By Jonathan S. Tobin
(JNS) Left-wing critics of Israel think that they’ve finally found a way to make the voices of Americans who disdain the policies of Israel’s current government heard. People like writer Peter Beinart, J Street leader Jeremy Ben-Ami, American Federation of Teachers president Randi Weingarten and other activists representing a broad array of liberal groups are all agreed that trying to get elected to the upcoming 38th World Zionist Congress will provide them with a path to stopping funding for Jewish settlements in the West Bank and promoting a two-state solution to the ongoing conflict with the Palestinians.
Their understanding of the Middle East may be slight, and their proposals are hopelessly out of touch with the views of the vast majority of Israelis. But they’re right about the importance of the Zionist Congress and the way it gives Diaspora Jewry a voice that can help influence Israel’s future.
Hatikvah, the name of the slate led by Beinart and company, is just one of 15 such groups vying for the votes of American Jewry in an online election that will be held between Jan. 21 and March 11. The others represent the leading religious denominations, as well as groups dedicating to supporting Sephardi Jewry, Russian Jews, Israeli expats and those with a more political point of view, such as the slate of the Zionist Organization of America and its allies as well as others purporting to represent centrist or right-wing ideas.
At stake in this vote is the composition of the American delegation to the Congress (it meets every five years) that will gather in Jerusalem later this year. The 152 Americans elected will make up 29 percent of the delegates with those representing the rest of the Diaspora getting another third of the slots. Israelis will make up 38 percent of those in attendance, and those seats will be allocated to that country’s political parties according to the results of the March 2 Knesset election.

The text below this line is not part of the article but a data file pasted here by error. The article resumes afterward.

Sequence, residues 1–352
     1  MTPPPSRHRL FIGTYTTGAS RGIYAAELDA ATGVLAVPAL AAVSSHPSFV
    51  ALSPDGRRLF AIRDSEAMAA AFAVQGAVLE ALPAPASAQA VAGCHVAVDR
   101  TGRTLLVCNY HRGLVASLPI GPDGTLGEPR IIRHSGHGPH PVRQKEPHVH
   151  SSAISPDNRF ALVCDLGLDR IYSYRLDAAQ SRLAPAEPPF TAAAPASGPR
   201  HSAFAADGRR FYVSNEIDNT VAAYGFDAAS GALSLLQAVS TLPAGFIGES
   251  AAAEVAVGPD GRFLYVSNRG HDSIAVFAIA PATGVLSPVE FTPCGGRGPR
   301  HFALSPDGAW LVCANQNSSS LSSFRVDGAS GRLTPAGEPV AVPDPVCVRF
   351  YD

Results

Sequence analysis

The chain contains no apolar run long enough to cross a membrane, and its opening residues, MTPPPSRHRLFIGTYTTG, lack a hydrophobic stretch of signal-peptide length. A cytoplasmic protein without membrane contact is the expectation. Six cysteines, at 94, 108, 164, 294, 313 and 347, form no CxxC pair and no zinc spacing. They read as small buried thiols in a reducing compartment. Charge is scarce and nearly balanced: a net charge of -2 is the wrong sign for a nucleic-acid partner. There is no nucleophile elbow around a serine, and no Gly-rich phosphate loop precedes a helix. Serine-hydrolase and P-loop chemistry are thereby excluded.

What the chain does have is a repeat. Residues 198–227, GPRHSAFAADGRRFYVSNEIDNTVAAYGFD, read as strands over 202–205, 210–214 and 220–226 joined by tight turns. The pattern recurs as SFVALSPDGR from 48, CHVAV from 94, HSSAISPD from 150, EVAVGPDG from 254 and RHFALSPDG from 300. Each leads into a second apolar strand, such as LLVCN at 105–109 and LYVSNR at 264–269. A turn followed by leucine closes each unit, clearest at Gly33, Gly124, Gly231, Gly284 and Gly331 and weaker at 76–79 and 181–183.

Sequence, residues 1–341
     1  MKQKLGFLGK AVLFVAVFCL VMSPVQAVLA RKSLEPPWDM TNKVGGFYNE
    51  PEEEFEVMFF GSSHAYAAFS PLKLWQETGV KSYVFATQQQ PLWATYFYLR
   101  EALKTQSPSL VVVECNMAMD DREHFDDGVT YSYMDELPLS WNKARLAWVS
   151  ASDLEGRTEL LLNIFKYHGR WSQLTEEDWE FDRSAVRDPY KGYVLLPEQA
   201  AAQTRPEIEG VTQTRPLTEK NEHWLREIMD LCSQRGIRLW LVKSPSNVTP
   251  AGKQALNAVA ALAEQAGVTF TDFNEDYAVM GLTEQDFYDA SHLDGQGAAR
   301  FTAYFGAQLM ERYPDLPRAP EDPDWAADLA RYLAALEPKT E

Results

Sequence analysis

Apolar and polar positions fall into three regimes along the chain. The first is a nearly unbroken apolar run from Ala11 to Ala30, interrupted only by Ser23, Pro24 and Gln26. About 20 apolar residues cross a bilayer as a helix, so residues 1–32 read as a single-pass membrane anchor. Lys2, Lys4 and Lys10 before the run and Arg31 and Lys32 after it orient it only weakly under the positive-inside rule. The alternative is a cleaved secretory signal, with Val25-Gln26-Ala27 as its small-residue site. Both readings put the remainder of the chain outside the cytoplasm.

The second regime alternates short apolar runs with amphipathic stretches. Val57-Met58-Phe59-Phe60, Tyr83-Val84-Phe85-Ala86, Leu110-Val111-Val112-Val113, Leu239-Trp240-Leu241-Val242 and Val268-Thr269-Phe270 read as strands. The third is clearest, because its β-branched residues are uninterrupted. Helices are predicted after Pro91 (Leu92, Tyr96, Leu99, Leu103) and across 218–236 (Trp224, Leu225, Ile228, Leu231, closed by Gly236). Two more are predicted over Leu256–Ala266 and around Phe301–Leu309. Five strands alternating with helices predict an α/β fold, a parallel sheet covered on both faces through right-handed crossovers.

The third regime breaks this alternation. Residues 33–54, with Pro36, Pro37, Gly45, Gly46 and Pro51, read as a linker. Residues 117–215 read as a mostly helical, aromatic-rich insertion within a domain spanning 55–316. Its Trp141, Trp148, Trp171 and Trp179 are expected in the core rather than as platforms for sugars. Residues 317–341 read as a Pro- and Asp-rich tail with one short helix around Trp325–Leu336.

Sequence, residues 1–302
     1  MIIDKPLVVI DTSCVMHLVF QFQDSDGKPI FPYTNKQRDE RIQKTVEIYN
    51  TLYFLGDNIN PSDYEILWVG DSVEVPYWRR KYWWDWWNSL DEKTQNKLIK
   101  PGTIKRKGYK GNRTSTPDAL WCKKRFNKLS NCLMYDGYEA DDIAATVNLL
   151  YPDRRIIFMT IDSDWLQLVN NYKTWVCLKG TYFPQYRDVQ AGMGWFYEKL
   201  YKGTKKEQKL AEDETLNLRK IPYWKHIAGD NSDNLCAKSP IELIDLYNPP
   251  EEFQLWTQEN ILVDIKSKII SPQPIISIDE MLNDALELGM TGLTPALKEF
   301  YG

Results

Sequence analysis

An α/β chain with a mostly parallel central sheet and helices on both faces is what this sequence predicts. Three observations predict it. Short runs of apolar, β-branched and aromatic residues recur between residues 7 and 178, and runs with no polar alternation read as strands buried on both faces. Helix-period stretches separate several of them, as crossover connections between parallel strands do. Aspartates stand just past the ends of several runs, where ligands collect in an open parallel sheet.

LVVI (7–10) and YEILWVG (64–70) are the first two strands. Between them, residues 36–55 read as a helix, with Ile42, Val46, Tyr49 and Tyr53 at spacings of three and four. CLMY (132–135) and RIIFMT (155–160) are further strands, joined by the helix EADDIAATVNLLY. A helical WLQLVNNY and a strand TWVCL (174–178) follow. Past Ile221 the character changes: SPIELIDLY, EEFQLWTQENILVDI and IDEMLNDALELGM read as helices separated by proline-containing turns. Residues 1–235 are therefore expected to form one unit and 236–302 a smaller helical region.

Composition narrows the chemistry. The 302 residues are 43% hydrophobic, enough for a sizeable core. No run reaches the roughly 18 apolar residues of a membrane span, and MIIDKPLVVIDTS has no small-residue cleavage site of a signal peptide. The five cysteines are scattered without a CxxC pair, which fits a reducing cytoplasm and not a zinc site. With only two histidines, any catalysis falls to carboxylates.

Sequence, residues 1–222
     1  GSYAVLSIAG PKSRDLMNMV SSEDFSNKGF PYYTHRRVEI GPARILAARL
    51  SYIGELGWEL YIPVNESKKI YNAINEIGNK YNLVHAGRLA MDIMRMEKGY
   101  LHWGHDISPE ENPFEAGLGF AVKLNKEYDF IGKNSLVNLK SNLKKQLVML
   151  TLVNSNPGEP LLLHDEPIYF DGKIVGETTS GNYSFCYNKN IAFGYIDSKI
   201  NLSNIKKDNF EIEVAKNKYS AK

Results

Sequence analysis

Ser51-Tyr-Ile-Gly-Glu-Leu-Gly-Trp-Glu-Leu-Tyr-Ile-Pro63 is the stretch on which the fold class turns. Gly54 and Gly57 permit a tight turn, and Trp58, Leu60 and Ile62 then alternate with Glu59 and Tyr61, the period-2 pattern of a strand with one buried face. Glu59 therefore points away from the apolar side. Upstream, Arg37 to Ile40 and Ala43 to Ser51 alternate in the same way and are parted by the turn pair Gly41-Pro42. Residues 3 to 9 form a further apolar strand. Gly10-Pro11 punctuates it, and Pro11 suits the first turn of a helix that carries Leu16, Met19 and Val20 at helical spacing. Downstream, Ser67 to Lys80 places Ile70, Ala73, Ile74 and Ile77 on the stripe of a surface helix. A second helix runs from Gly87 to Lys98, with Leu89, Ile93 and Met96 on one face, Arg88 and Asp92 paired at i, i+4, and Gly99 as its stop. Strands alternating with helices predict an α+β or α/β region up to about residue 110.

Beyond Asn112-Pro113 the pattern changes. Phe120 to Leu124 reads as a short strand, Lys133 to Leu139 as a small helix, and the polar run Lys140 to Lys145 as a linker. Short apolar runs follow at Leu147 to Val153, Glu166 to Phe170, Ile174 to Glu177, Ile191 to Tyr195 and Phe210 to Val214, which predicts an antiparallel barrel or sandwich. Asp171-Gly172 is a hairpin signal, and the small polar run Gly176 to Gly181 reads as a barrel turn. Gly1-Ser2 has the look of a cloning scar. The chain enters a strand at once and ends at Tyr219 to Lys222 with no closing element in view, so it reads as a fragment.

As is the custom in Israeli elections, those seeking election are part of lists whose members will gain seats in proportion to their share of the vote, like Knesset elections.
The Zionist Congress is not a Jewish version of high school model Congress or United Nations. When it meets, the Congress will elect officials who will decide on the leadership of the World Zionist Organization, as well as the board of the Jewish Agency for Israel, the United Israel Appeal and the Jewish National Fund. These bodies help determine the allocation of more than $1 billion to be spent on development projects in Israel, including in the territories, as well as education in the Diaspora.
In effect, this means that Americans voting in the Zionist Congress election have a chance to influence the decisions these bodies make on issues that are vital to Israel and the Jewish future.
The election is an opportunity for American Jews to be heard. Just as important–and unlike the way that most of the organized Jewish world works–it won’t just be people who give the most money who will wind up having a say. The Congress election is open to anyone over 18 who is Jewish and willing to affirm their support for Zionism’s Jerusalem Platform, and pay a fee of $7.50 for the right to vote (those under 25 can pay $5) can participate and cast a ballot for one of the factions running.